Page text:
Especially for Students
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Within the first few days of starting college, many students quickly learn that managing their time is one of the most challenging -- and difficult -- aspects of being in school. With so much to do and keep track of, strong time management skills can make all the difference. 1.
Good time management skills can help students increase their grades and improve their overall school work performance. By learning to complete assignments on time every time, students will have a better classroom experience. Discover which tips are right for you. 1.
"The assignment is due when? Tomorrow?" We've all been there at some point. Somehow, that assignment due date just slipped right up on us without our noticing.
Create a study space that helps you make the most of the time you have to study. Adult students don't always have the luxury of a desk. Create your study space wherever it makes the most sense, and equip it with the things you need to facilitate learning. Maybe reading in a window seat helps you remember more, or in a porch swing.
A large part of how quickly you get into the zone and how much work you get done when you're there has to do with your surroundings—physical aspects like the level of ambient noise around you all the way to psychological distractions, like the ones we've mentioned before . Don't underestimate the importance of making sure your physical surroundings match up with your work however, from having everything you need within reach to making sure the environment is quiet enough to focus. Over at Hack College , this excellent post on hacking your environment to maximize your learning is geared towards people who need to get some serious studying done, whether they're alone or in groups, but the tips work just as well if you're working on a development project, a DIY project, or just trying to whittle down your to-do list.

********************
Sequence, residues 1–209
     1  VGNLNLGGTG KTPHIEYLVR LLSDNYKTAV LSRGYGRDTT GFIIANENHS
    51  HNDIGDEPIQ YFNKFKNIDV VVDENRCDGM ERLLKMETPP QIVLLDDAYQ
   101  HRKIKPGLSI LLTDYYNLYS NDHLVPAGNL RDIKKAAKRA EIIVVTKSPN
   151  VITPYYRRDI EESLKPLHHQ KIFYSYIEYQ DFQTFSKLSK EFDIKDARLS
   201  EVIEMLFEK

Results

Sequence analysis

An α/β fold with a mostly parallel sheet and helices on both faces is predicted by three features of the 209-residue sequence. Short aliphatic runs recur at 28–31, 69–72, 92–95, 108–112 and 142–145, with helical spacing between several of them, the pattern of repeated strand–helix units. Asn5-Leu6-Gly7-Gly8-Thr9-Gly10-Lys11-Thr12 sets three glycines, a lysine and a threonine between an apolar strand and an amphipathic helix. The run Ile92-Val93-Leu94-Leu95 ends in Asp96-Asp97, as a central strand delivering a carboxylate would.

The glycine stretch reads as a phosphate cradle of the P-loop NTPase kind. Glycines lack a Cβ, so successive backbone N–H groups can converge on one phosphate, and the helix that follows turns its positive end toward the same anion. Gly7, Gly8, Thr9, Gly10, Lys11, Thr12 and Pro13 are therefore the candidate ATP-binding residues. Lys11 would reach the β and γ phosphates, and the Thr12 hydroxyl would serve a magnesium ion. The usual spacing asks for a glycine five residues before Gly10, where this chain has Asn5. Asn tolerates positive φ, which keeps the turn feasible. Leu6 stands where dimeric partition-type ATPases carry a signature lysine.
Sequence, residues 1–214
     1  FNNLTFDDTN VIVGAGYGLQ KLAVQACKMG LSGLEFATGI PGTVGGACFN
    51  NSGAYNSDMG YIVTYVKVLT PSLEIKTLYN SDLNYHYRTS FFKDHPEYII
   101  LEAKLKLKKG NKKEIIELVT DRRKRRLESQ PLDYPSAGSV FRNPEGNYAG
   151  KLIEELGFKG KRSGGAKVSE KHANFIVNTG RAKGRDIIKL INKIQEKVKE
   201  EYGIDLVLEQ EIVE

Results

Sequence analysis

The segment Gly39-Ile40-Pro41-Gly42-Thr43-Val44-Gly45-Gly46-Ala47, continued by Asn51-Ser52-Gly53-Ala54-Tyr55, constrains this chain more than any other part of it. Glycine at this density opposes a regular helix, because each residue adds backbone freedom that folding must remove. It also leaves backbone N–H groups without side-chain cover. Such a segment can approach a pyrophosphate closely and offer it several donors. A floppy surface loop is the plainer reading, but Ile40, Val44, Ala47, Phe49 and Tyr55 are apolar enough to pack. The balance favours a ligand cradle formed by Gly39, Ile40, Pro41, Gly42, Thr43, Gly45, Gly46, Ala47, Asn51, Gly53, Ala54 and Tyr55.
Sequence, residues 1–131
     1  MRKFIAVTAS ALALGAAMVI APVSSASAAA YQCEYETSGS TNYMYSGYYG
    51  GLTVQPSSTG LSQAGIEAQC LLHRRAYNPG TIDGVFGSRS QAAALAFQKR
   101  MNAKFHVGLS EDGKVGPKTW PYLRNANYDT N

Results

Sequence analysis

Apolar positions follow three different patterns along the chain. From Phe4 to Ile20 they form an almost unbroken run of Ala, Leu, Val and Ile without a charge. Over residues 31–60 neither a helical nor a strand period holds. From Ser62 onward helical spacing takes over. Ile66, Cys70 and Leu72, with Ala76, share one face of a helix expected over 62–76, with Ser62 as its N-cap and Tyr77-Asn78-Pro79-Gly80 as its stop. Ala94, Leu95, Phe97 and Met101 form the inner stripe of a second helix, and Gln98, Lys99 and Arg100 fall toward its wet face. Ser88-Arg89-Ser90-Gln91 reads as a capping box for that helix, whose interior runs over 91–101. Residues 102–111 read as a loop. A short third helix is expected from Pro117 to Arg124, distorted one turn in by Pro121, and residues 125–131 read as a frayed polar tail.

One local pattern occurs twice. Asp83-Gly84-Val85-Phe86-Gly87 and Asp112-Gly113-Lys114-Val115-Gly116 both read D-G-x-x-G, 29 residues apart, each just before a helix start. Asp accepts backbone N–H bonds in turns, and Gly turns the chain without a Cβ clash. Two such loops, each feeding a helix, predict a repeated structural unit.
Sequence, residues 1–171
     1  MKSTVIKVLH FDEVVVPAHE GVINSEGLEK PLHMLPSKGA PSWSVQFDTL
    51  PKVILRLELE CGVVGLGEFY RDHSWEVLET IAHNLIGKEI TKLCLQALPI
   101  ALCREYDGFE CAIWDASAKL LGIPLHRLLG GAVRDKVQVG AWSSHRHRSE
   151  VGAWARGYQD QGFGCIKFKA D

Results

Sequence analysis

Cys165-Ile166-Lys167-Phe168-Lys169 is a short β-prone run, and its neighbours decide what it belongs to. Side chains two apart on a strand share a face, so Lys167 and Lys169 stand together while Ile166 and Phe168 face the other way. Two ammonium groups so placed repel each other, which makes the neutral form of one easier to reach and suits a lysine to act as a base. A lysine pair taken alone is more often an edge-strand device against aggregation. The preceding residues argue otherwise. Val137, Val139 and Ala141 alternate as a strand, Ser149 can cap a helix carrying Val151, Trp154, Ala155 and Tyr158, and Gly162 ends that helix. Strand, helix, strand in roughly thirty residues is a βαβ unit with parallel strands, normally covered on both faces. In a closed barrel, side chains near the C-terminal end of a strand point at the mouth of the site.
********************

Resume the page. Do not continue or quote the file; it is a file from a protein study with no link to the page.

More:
Your study space is critical to your ability to study effectively. After all, if you can’t concentrate, you certainly can’t expect to learn very well. This does not necessarily mean that you have to find a place that's completely silent and set it up as your study area, but it does mean you should find someplace to study that fits your specific personality and learning style . Your Study Space Needs Students are different.
Derek Low is just your ordinary college freshman who turned his Berkeley dorm room into a futuristic smart home with automatic window shades, voice-activated lights and preset college scenarios such "emergency party button." His video demo of the room has stirred up a frenzy of online media attention — and earned him a notice from resident hall officials to appear at a judicial hearing. Low began imagining his " Berkeley Ridiculously Automated Dorm " (BRAD) after stumbling across a similar idea online several years ago. Putting his plan into action required some tolerant roommates, a few weeks of patience and about $200 to $300 worth of off-the-shelf equipment.
Email This morning I was reading a book at my favorite beach-side coffee shop when an 18-year-old kid sat down next to me and said, “That’s a great read, ain’t it?” So we started chatting.